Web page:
Watch a video of how to do a single-leg deadlift here.  

How to do a glute bridge

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2. Glute bridges 

Another simple exercise, a glute bridge targets the hamstrings and the gluteus maximus, while also working the core. To do a glute bridge, lie on your back, with your knees bent and your feet flat on the floor. Engaging your core (think about sucking your belly button in towards your spine), lift your hips up so your knees, hips, and shoulders form a straight line. Squeeze your glutes at the top, then lower your hips back down to the starting position — that’s one rep. Aim for two sets of 10 repetitions. 

Watch a video of how to do a glute bridge here; we also have a more in-depth guide on how to do a glute bridge.

How to do frog pumps

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3.  Frog pumps 

Similar to glute bridges, frog pumps work he gluteus maximus, the gluteus medius and the gluteus minimus. To do frog pumps, lie on your back and bring the soles of your feet together into a ‘frog’ position. Then, similar to a glute bridge, raise your hips towards the sky, pausing at the top to squeeze your glutes, before lowering back down. That’s one rep, aim for two sets of 10 repetitions. 

Watch a video of how to do frog pumps here. 

How to do donkey kicks

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4. Donkey kicks 

Donkey kicks are a brilliant way of targeting the gluteus medius (your side glutes). They are also relatively easy to do and only require you to have an exercise mat, although you can add a resistance band above your knees to make the exercise more challenging (we’ve found the best resistance bands on the market here).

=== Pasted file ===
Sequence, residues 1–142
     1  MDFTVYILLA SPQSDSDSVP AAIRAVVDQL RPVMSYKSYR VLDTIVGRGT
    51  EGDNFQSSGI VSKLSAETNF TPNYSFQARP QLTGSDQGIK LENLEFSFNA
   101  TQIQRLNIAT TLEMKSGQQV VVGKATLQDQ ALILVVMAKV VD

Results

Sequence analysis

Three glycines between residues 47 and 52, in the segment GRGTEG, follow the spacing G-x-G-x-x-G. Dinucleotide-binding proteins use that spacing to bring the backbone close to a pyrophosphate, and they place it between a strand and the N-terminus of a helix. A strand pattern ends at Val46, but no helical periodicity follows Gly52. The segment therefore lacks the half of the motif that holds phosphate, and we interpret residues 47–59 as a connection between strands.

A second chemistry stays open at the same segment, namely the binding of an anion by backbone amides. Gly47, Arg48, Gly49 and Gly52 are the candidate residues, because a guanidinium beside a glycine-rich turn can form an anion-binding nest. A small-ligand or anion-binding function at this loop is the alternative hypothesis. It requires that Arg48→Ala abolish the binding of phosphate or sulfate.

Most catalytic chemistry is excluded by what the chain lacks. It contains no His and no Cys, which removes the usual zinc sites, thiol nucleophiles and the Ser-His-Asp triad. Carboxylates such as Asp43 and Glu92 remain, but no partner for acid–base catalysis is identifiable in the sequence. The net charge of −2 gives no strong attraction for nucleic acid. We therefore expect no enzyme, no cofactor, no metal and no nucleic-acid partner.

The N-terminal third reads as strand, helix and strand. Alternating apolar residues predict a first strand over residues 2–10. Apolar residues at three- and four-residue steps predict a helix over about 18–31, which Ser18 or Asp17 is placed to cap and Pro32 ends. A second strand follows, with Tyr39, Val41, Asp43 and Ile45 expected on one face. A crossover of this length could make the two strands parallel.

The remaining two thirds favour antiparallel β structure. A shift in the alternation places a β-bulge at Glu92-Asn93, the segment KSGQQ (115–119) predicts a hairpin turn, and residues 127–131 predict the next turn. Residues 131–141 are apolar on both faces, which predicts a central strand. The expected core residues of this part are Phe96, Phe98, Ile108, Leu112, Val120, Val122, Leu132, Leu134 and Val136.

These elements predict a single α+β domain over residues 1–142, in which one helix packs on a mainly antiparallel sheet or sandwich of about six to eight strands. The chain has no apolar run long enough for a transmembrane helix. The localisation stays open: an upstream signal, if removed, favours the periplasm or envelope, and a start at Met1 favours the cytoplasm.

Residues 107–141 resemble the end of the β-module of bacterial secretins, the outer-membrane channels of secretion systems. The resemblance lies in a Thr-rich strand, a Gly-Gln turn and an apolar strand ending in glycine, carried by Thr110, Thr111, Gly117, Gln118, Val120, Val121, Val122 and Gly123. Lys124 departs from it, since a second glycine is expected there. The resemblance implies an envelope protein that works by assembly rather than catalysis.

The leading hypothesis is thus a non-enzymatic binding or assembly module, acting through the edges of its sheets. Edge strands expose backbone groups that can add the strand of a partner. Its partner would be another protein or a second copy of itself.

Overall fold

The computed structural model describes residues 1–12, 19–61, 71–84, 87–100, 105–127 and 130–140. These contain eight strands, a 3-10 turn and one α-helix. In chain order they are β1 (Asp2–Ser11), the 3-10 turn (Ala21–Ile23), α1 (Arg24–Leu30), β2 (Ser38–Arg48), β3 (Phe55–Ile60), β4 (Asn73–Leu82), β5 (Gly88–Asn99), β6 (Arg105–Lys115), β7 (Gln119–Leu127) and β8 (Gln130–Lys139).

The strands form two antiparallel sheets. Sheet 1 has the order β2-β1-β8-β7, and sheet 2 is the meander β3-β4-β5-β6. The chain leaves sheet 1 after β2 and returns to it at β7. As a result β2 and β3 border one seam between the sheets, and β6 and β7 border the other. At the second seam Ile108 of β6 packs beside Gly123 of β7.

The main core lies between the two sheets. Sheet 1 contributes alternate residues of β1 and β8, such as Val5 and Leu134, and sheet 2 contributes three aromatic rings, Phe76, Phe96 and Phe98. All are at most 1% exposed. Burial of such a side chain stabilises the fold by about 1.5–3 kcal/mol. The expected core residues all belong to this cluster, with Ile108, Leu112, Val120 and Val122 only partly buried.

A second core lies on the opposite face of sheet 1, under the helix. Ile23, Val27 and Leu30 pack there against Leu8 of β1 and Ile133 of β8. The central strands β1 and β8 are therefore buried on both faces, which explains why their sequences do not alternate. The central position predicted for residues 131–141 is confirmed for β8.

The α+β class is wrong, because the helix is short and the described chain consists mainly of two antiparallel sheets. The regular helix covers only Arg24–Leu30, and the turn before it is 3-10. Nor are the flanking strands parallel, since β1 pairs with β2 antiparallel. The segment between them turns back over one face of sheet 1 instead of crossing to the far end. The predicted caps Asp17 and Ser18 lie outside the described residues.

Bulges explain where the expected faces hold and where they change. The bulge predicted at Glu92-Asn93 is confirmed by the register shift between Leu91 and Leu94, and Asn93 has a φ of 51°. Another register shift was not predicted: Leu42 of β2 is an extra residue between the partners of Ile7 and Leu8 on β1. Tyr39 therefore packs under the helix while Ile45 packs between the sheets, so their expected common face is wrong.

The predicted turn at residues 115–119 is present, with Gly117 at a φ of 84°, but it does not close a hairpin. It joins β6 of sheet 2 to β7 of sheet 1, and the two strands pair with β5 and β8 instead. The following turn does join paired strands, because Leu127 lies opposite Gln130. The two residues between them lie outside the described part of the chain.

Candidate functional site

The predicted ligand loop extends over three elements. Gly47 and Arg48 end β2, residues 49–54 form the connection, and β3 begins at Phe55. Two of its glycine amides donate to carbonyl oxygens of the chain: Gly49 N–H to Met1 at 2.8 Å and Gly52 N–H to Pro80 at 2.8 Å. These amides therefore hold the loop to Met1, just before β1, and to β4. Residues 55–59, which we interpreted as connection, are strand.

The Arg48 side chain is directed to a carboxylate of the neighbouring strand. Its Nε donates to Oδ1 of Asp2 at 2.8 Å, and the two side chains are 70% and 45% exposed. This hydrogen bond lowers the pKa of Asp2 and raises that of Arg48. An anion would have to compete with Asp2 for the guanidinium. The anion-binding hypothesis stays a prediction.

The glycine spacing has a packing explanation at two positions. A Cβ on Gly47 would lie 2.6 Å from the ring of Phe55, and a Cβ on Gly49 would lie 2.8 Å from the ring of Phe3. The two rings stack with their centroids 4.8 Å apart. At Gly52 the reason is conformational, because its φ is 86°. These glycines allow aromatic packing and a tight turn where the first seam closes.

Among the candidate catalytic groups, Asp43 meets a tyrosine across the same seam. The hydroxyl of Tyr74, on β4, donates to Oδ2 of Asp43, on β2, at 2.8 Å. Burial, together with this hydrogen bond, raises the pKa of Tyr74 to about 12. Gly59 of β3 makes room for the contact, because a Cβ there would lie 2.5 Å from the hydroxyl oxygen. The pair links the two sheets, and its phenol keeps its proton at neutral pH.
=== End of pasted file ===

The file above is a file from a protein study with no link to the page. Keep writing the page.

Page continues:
To do a donkey kick, get onto all fours, with your hands underneath your shoulders and your knees underneath your hips. Without rounding your spine, keeping the 90-degree angle in your knee, lift your leg straight up and back towards the ceiling, with your foot flexed. Lower it back slowly to starting position —  that’s one rep. Aim for 20 reps, 10 on each side. 

Watch a video of how to do a donkey kick here 

How to do a reverse lunge

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5. Reverse lunges 

Reverse lunges target your core, glutes, calves, and hamstrings. They can be performed with just your bodyweight or with dumbbells in your hands for a more challenging workout.

To do a reverse lunge, stand with your feet shoulder-width apart and engage your core. Step backward with your right foot, keeping your right heel off the ground, and bend both knees to sink into a lunge. Think about keeping your core engaged and your hips tucked in under your body. Push through the heel of your left foot to return to your starting position. Then repeat on the other side. Aim for 20 reps, 10 on each side. 

Watch a video of how to do a reverse lunge here. 

You might also want to check out our story on how to do a wall sit, a simple exercise that targets the glutes, quads, and calves. 

Jane McGuire
Fitness editor

Jane McGuire is Tom's Guide's Fitness editor, which means she looks after everything fitness related - from running gear to yoga mats. An avid runner, Jane has tested and reviewed fitness products for the past five years, so knows what to look for when finding a good running watch or a pair of shorts with pockets big enough for your smartphone. When she's not pounding the pavements, you'll find Jane striding round the Surrey Hills, taking far too many photos of her puppy.